Jan 21, 2002
Ali, the movie biography of Muhammad Ali now out in theaters, provides a very good portrayal of the athlete who took militant stances against racism and the U.S. war in Vietnam. The movie stars Will Smith as Ali, Jon Voight as Howard Cosell, and Jamie Foxx as Ali’s trainer Drew “Bundini” Brown who all contribute good acting performances. The music of Motown and Sam Cooke provide a good backdrop and a sense of the excitement of the times.
The film gives some hints about experiences that contributed to Ali’s political awareness. It shows how as a youngster he and his father had to move to the back of the bus, while white passengers rode up front and some seats were left empty. It also depicts his reaction to newspaper stories about Emmett Till, the black youth who was lynched in horrific fashion for talking to a white woman during a visit he made to Mississippi.
The movie also tells of Ali’s attraction to Malcolm X and the Nation of Islam. It gives a hint of the media’s opposition to him when he began to take political stands, through an exchange with Howard Cosell. Cosell admits he is wrong when he continues to refer to Ali as Cassius Clay, the name that Ali was born with but rejected as the name given to his family by slave owners. It portrays both his personal friendship with Malcolm X and his break with him, when Elijah Muhammad censured Malcolm. And it gives a glimpse of Malcolm X’s assassination and Ali’s reaction to that.
The film is particularly strong in its depiction of Ali’s refusal to join the fight of the U.S. against the Vietnamese people. It quotes Ali when he says, “I got no quarrel with the Viet Cong. No Viet Cong ever called me nigger.” In his trial for refusing the draft, Ali states that he doesn’t understand why he should go thousands of miles to fight for “American freedom” when others won’t fight for his freedom here at home.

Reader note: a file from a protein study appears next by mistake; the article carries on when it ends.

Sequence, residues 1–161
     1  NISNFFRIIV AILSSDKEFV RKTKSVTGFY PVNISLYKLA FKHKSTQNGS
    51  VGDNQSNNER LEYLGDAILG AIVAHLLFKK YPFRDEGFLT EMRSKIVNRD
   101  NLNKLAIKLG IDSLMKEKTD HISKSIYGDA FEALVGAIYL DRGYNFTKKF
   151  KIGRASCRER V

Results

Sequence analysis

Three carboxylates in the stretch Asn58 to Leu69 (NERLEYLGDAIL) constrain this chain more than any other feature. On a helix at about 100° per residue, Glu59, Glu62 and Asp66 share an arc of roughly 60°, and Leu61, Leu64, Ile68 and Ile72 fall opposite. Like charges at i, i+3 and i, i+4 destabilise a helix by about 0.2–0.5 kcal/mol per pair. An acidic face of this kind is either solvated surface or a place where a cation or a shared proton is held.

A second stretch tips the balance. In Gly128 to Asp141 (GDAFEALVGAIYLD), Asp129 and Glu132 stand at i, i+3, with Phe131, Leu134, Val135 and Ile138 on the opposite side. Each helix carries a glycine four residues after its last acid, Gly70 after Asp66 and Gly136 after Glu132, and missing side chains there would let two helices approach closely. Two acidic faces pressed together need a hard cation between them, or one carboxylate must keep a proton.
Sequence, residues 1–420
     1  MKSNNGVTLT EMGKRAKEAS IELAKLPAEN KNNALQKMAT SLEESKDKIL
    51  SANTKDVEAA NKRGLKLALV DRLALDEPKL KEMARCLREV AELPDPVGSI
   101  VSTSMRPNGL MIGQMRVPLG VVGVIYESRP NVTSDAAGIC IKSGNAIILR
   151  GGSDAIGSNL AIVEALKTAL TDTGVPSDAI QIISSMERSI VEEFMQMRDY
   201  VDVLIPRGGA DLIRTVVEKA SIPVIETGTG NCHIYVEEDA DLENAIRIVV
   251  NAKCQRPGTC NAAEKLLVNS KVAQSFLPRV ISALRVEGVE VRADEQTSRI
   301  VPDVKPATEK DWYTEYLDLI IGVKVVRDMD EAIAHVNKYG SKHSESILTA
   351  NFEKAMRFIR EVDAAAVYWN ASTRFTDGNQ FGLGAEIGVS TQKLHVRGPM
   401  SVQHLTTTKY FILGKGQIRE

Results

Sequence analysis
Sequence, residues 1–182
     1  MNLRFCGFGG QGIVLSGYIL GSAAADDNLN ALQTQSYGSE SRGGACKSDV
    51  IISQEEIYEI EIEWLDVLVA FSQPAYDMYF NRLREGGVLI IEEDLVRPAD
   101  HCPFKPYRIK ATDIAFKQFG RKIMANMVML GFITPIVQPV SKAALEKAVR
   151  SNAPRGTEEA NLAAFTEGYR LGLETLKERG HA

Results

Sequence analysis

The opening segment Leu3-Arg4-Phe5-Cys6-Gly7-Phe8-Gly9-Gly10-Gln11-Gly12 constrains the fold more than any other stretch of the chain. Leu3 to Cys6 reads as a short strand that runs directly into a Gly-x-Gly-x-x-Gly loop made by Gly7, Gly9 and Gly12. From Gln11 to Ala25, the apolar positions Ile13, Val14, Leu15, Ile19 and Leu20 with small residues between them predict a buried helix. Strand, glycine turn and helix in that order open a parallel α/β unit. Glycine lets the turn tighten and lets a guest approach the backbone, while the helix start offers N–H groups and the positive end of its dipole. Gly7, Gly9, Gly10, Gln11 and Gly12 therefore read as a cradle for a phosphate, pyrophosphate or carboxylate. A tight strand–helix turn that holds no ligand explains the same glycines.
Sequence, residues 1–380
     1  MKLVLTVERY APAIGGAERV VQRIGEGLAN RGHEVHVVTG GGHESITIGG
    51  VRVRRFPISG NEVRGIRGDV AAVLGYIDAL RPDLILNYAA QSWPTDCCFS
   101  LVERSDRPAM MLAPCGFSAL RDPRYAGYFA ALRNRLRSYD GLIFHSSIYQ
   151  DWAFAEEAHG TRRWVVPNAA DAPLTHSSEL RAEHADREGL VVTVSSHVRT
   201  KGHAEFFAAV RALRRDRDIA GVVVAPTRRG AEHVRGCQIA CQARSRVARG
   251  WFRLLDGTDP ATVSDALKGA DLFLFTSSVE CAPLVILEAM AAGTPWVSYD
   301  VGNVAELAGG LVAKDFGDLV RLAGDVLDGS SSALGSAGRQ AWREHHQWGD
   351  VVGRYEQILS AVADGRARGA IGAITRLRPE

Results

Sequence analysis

We also see in the film the price that Ali paid for his stance; his bout with poverty when he is not allowed to fight. Ali lost three years during the prime of his boxing career as a result of the government’s attack on him. And it also gives a sense of the excitement generated in the black population by his return to boxing and his heavyweight championship fight with Joe Frazier, who won the championship while Ali was out of boxing. It also does a good job of showing other fights, like his early bouts with Sonny Liston and his recapturing of the heavyweight title from George Foreman in Zaire.
This is not just a movie about Ali the boxer, although the fight scenes are very realistic and intense. It does not show Ali in a vacuum. Rather, the film attempts to show the controversies and complexities that existed in Ali’s relationship to the Nation of Islam, to Malcolm, to several women in his life and to the black movement.
At the same time, the movie dances over the reactionary side of the Nation of Islam in that period as it discouraged open opposition to the U.S. war, although the movie does hint at it.
The Nation was opposed to Ali’s refusal to be inducted into the Armed Forces. They demonstrated their opposition by expelling him from the Nation. As the movie shows, this was not the reason they gave. They claimed the reason was because Ali was too concerned with boxing and winning. If that had been true, he would not have stood up to the U.S. government, a stand which cost Ali so much. And when his conviction was overturned, and he could fight and make money again, one of the sons of Elijah Muhammad approached Ali, offering to accept him back – and be his manager.
The strengths of this film are its portrayal of Ali’s convictions and courage in refusing to fight and “kill poor people in another country.”